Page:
State officials say a reported cougar sighting in Brookfield, like a recent reported sighting in Franklin, likely isn't accurate. Tracks found in Franklin this fall were determined to belong to a large dog, and it's likely the cougar in the recent sighting in Brookfield is a coyote, dog or other large mammal.
Ronald Woolsey of Brookfield can't quite swallow that explanation. He told the Department of Natural Resources that a cougar ran in front of his car as he was driving east on Capitol Drive, three blocks east of Calhoun Road, at 9:40 p.m. Jan. 16.
"I saw it for about 100 feet," Woolsey said. "It ran across the street and disappeared into some of the shrubs on the side of the road."
Woolsey said he is sure it was a cougar as he's seen them in the wild in other states.
"I am positive it was a cougar, without a doubt," Woolsey said.
Woolsey was asked to fill out a large mammal observation report on the DNR's website, which is standard procedure when the DNR receives such reports.
He completed the form Jan. 18 and described the cougar as being three-fourths the size of an adult cougar, 120 pounds, tawny in color, and having a tail as long as its body.
DNR Wildlife Biologist Tom Isaac said snowfall after the sighting made it difficult to identify the animal, and there are no plans to look for the alleged cougar.
"There was no way to verify Mr. Woolsey's observation through tracks or other physical evidence since it had snowed heavily between the time of the sighting and when we found out about it," Isaac said. "There are no other plans to investigate unless we receive other reports of sightings."
Isaac also said that Woolsey's description of what he saw didn't match up with other information the state has received about cougars.
"He said it was a three-quarter-sized cougar," Isaac said. "Any cougars we have coming into the state should be full-grown cougars. However, it's not impossible that it could have been a cougar. This is a report that we couldn't quite verify."
Confirmed sightings in Wisconsin
Cougars are identified through fresh tracks, hair, blood, photos or trail cameras.
The DNR has confirmed several cougar sightings in Wisconsin during the past year, the most recent of an adult male in Sawyer County, 350 miles northwest of Waukesha County, Jan. 23.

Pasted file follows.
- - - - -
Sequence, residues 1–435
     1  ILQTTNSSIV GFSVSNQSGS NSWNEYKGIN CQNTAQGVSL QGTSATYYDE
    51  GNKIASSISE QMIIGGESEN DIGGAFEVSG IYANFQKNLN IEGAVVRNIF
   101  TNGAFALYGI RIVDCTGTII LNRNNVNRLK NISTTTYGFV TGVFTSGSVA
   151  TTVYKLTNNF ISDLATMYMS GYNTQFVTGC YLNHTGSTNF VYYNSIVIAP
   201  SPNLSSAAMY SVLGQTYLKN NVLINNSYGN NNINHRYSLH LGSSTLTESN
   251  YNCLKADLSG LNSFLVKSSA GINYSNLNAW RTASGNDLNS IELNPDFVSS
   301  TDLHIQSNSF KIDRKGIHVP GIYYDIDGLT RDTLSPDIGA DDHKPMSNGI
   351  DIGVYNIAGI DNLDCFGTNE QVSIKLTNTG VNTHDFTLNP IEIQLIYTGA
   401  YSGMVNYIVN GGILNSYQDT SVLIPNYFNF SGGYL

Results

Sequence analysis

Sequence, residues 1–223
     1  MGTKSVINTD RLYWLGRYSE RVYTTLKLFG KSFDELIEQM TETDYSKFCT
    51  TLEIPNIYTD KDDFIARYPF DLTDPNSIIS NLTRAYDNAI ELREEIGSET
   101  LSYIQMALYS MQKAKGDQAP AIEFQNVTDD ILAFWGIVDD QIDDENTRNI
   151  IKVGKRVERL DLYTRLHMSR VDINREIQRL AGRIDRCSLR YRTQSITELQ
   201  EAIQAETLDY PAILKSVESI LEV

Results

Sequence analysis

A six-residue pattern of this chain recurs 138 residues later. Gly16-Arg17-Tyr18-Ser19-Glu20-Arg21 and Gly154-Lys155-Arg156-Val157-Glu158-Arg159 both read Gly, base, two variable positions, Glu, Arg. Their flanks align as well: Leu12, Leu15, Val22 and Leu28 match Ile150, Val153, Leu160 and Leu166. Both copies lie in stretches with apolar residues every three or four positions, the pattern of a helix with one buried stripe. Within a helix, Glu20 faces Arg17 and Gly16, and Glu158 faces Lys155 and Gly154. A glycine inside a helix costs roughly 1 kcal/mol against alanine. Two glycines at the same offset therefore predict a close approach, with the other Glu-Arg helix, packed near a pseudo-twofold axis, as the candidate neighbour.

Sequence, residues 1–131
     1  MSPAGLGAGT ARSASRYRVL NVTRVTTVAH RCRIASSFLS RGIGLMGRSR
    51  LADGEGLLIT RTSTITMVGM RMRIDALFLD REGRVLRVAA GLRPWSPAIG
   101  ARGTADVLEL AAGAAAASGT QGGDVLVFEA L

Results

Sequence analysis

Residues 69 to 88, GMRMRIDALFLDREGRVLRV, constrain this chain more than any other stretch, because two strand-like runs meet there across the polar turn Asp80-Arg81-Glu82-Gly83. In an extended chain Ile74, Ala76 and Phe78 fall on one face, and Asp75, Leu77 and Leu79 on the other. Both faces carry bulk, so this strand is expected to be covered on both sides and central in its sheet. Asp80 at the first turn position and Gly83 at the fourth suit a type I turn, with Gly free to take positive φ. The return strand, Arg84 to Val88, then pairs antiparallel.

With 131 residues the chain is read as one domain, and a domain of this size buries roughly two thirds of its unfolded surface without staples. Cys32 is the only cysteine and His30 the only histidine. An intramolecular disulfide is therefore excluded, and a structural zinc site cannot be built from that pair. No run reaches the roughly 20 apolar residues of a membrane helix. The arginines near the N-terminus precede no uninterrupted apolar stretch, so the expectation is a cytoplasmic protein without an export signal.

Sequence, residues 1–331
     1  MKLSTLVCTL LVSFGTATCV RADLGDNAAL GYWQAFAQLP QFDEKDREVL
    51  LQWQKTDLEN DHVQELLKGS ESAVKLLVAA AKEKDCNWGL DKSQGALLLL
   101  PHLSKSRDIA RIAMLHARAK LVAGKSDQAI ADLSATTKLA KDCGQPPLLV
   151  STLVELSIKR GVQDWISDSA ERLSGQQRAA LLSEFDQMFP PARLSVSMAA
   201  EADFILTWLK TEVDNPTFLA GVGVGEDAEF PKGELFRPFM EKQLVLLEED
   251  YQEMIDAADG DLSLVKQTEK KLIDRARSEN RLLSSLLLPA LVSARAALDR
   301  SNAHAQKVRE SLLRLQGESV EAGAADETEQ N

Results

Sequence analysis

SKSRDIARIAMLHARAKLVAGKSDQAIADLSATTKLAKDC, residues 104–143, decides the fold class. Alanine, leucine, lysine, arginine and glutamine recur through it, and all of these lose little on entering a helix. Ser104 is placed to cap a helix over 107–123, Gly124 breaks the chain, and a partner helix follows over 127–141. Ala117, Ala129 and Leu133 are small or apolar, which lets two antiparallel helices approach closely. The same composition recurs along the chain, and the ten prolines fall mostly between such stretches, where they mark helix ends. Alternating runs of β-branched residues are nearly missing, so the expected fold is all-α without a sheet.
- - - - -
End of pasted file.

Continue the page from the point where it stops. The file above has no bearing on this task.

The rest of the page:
In 2012, sightings were confirmed in Iowa, Jackson and Monroe counties, all in western Wisconsin.
There were several reports of sightings in the Franklin and Hales Corners areas in the second half of 2012.
"We've seen an increase in the number of reported cougar sightings, but have yet to positively identify any in this area," Tim Lizotte, wildlife management supervisor for the DNR said. "After investigating, we've determined that reported sightings are actually deer, coyote, and even house cats."
According to the DNR website, cougars are distinctive with their long, black-tipped tail and can weigh between 80 and 160 pounds. In adults, the coat is tawny but can vary from reddish-yellow to gray. The belly, underside, inside legs and chin are white or cream and the back of the ears are solid black or gray.
Lizotte said sightings should be reported as soon as possible to the DNR and to local authorities so an investigation can be started immediately.
"We're interested in receiving tips with evidence," Lizotte said. "Photos, blood, scat and hair are all things we can use to identify a cougar."
The DNR said cougar sightings, although rare, are possible, but that the animals are just passing through the state.
"There's sufficient food in the state for cougars, like deer, but not habitat," Lizotte said. "The ones we've documented don't stay long and are mostly looking for a mate."
The DNR customer service line is available seven days a week from 7 a.m. to 10 p.m., at (888) 936-7463.
More information on cougars in Wisconsin, including the large mammal observation report and photos of cougars seen in the state, can be found online at dnr.wi.gov/topic/wildlifehabitat/cougar.html.
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